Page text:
I will admit to a number of vices great and small. Some, like the cigars and the gin and tonics are not the best things for the human body. Others, like the addiction to college football, in particular Oklahoma University football, while not normally physically taxing, take up huge chunks of time and have been known to raise the blood pressure to stroke levels on occasion. The same can be said about the OKC Thunder NBA basketball franchise. Baseball used to be in the mix, but that passion has waned. I now look at the sport with the same nostalgic wistfulness I reserve for aged aunts and uncles. Namely people who were large parts of my early years, but currently dwell in retirement homes while wandering about in dementia induced fogs.
A very long time ago one of my Christmas gifts was a small reflecting telescope. It didn't even have a tripod. You had to take a kitchen chair out into the yard and mount the thing on the back rest and then try to focus in on one of those bright little lights in the night sky.
Of course that was back in an age when the night sky was filled with stars. The city hadn't expanded and the lighting wasn't as cruelly efficient as it is now. Years ago you could actually see the delicate haze of the Milky Way snaking its way across the heavens.
All that being said, I have been and always will be a huge fan of space exploration. I take some heat from many of my left leaning friends because of this and now days from some right wing people, mainly the Ron Paul wankers. Everyone on the left wants to spend the money on the poor and everyone on the right doesn't want to spend the money at all.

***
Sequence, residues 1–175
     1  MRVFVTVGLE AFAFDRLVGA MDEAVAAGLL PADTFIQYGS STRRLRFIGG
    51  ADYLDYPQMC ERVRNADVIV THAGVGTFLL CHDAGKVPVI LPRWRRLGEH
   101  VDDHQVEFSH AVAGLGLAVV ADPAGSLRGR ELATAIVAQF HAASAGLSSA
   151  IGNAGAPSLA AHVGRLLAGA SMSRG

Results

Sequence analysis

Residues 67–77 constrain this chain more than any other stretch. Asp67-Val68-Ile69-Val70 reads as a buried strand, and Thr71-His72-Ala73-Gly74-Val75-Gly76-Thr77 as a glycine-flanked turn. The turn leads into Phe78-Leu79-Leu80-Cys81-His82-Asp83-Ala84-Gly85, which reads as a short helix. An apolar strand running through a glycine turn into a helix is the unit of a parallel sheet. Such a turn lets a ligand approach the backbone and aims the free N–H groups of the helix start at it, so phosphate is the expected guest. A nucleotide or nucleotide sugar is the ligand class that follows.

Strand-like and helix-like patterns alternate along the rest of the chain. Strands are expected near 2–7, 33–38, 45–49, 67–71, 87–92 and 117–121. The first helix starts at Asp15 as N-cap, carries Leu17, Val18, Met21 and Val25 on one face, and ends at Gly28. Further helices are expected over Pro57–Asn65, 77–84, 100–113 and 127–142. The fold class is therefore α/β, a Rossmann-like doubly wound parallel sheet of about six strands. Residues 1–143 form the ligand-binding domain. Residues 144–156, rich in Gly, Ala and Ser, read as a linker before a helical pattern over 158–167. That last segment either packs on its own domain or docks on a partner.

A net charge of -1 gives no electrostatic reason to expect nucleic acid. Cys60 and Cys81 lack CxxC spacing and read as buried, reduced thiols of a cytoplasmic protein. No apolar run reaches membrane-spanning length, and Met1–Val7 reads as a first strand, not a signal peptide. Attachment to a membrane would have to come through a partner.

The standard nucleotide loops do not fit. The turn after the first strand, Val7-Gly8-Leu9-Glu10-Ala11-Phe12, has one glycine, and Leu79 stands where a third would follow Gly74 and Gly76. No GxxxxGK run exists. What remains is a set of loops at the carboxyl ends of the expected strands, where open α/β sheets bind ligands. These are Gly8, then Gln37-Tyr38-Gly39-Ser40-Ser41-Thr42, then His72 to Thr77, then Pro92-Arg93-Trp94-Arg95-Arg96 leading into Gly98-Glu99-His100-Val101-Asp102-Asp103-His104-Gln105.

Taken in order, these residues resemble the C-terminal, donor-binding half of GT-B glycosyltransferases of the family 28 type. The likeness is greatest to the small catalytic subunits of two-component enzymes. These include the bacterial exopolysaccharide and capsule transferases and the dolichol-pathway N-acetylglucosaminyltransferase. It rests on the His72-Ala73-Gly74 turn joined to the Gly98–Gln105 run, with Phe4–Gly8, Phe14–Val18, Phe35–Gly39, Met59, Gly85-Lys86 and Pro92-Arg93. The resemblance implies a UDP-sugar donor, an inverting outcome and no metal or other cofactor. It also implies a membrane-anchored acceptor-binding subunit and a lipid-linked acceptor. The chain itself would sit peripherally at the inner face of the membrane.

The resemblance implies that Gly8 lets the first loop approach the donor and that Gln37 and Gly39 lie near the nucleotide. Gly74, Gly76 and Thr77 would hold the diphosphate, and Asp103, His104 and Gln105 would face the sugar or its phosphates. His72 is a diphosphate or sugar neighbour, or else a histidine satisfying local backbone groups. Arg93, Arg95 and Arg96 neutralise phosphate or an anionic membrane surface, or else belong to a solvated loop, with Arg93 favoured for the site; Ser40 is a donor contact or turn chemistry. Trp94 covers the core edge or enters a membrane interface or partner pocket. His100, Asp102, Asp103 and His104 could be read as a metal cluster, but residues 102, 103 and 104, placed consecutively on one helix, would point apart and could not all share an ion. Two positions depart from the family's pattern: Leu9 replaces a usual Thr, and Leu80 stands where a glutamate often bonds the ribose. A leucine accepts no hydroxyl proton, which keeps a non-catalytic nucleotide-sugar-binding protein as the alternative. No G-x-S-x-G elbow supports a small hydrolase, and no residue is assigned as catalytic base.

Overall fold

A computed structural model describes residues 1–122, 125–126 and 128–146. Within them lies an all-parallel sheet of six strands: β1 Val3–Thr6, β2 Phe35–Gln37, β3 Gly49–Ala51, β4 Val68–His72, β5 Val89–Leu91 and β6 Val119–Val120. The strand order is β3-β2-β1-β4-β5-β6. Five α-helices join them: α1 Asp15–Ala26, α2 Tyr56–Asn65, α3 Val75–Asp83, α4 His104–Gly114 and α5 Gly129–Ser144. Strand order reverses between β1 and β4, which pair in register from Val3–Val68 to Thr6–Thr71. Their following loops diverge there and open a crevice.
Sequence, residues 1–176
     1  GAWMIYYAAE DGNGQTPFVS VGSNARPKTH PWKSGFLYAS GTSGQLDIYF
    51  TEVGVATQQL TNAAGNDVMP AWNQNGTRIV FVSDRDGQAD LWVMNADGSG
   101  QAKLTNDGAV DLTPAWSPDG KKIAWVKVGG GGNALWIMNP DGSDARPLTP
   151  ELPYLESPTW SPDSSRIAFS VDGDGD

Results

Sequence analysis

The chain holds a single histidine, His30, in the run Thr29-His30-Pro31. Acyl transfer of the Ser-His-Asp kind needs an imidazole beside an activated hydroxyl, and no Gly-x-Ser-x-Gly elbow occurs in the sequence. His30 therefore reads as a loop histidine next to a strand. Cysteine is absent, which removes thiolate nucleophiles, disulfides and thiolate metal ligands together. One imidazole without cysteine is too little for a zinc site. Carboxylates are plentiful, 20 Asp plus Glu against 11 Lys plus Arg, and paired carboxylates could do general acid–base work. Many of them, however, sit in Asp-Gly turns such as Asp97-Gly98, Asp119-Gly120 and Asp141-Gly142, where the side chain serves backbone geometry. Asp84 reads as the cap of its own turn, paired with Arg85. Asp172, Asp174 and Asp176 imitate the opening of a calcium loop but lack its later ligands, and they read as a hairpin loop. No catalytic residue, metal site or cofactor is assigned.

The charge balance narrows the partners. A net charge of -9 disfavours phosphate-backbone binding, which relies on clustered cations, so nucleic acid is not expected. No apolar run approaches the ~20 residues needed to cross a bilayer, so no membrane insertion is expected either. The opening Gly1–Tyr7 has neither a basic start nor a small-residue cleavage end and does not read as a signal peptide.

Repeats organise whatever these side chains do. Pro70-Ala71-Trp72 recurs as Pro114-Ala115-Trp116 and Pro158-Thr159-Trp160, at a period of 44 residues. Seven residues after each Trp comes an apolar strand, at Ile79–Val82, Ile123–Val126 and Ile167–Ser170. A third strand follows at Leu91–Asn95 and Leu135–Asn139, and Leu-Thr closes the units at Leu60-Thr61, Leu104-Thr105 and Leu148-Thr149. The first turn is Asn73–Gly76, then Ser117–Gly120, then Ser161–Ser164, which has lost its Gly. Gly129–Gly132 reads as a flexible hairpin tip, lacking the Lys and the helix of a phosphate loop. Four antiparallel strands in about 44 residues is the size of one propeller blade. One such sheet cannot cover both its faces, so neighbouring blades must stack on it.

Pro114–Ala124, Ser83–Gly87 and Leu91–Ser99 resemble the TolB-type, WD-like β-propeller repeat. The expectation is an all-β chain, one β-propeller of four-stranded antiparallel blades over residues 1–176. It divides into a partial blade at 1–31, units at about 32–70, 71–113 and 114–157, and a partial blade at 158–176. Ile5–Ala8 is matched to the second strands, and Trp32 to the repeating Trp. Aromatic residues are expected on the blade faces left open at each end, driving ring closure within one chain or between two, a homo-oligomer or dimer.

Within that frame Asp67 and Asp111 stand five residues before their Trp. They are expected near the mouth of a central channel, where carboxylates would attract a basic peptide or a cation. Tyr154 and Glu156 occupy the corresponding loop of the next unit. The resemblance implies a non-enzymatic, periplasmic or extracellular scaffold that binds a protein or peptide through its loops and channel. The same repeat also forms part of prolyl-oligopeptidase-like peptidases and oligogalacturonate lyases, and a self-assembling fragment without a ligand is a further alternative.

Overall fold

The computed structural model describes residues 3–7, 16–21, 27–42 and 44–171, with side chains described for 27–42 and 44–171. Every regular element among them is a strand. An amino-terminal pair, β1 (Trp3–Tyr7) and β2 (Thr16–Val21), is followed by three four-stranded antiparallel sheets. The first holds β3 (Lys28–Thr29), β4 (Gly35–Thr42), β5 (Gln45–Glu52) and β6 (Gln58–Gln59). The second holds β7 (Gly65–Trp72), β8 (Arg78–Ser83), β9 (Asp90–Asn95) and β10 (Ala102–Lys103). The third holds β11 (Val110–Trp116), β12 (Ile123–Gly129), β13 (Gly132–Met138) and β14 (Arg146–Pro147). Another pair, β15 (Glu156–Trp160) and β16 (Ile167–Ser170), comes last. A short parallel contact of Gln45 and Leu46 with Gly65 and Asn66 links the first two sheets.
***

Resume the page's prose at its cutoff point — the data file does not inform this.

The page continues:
My attitude is screw 'em. I want to see someone chugging around the surface of the moon in a rover. I want to see a Jovian flyby. I want to watch volcanoes erupt on Io. I want to see photos of the Martian surface and test the soil and look for life, be it short, big headed dudes with long spindly arms, or simply microbial. And, to be honest, I don't care what it costs.
So when NASA landed the mobile research lab Curiosity on the Martian surface last night I was enthralled. It was a feat of incredible skill and the technology involved is simply breathtaking.
Curiosity traveled eight months through space, then automatically landed itself with a system of cables and a hovering crane that lifted itself away from the landing site once the lab was on the ground. To be honest the whole operation looked like something Wile E. Coyote might have bought from the ubiquitous Acme Company. However it worked like a charm. To put the distance into perspective it takes fourteen minutes for whatever information it sends to reach this planet. Conversely it takes those same fourteen minutes for us to issue it a command it can react to.
To me it was worth every bit of the $2.5 billion it cost and it may give us clues as to what went wrong there and what may go wrong here. It may show us life was once there, or incredibly that life in some form is still there. For those captains of industry out there, it may give us another eco system to foul up some day through colonization. Think of it, if we eventually find oil on Mars, Exxon and the like will be falling all over themselves to pay for future ventures.
So yes, I know it costs a lot of money and I know something terrible could still go wrong and the whole adventure could end in the blink of an eye. And yes I was in love with Star Trek when I was growing up, but no I've never attended a convention of Trekkies, or Trekkers, or whatever it is they call themselves.
I simply think we need to find out more about how the universe works and what has transpired on planets other than our own. I don't think we can put a price on that sort of knowledge, at least I'm not willing to.
So there you have it. My guilty pleasure is expensive and subject to all manner of conspiracy theories. Trust me, right now there are some people out there claiming NASA has faked the whole deal. These same clowns still think the moon landings were scams.
But I don't care. All I care about are the photos that will be flooding into the JPL in Pasadena. All I care about is what we find there, in a place we have never been before.
Bravo, NASA. Viva Curiosity.